A record 80 percent of Americans wear their seatbelts while driving or riding in their vehicles, U.S. Secretary of Transportation Norman Y. Mineta announced. According to Mineta, the number of Americans wearing their seatbelts has increased dramatically over the past few years.
The Bush Administrations unprecedented focus on highway safety has produced a record high percentage of Americans wearing their safety belts and a record low fatality rate, Mineta said.
In the past four years, safety belt use has increased steadily from 71 percent in 2000 to 80 percent this year. The 80 percent safety belt usage will save 15,200 lives and $50 billion in economic costs associated with traffic related crashes, injuries, and deaths every year, Mineta said.
The Secretary said the success was due in large part to states that have passed primary safety belt laws. Twenty-one states, the District of Columbia and Puerto Rico have primary safety belt laws that allow police officers to stop a motorist solely for not wearing a safety belt.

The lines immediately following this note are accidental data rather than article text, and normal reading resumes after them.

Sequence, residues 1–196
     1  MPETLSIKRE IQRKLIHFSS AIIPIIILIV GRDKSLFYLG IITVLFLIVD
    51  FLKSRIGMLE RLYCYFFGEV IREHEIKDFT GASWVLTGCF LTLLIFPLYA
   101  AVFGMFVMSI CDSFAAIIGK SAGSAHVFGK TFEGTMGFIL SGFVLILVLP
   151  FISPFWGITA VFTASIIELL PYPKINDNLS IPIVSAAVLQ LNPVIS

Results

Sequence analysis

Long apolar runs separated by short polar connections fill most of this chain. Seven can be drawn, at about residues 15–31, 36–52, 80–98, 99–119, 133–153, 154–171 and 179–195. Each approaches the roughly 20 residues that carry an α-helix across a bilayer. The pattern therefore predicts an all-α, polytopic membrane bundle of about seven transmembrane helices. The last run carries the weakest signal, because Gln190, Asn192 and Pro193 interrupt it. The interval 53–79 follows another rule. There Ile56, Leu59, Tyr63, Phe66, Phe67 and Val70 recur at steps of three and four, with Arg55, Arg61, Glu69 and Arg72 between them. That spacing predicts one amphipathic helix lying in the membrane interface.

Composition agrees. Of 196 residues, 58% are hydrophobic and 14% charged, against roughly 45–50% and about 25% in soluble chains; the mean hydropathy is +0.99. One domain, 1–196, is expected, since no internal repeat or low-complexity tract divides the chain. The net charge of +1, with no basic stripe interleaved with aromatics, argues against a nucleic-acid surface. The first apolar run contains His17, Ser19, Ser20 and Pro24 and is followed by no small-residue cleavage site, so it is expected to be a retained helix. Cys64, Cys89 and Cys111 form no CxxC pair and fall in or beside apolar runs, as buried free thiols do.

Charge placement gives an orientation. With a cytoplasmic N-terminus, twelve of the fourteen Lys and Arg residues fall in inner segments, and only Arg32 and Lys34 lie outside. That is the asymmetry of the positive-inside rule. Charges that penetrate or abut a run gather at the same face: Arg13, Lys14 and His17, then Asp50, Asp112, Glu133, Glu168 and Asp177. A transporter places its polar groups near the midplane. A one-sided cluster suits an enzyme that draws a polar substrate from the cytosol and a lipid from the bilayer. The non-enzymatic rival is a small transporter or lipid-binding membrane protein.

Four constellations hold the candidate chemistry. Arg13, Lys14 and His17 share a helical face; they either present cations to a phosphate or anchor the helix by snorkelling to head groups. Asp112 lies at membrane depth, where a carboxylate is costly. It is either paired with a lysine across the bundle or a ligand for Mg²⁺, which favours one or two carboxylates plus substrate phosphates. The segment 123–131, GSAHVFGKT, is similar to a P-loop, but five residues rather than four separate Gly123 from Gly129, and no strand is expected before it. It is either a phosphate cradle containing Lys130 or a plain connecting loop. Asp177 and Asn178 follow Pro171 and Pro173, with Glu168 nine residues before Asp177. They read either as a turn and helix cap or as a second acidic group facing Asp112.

The Secretary chose to visit Washington for the announcement to tout its success, noting 94 percent of the states citizens buckle up. Washington passed a primary seatbelt law in 2002 and experienced a 9 percent reduction in overall traffic fatalities since the law was passed, he said.
Its no coincidence that because 8 out of 10 Americans are wearing their safety belts, we have also achieved the lowest traffic fatality rate on our Nations highways since record-keeping began 29 years ago, Mineta said.
Todays traffic fatality rate is 1.48 fatalities per 100 million vehicle miles traveled, a dramatic reduction since 1975 when the rate was 3.35 fatalities per 100 million vehicle miles traveled.
[Source: U.S. Department of Transportation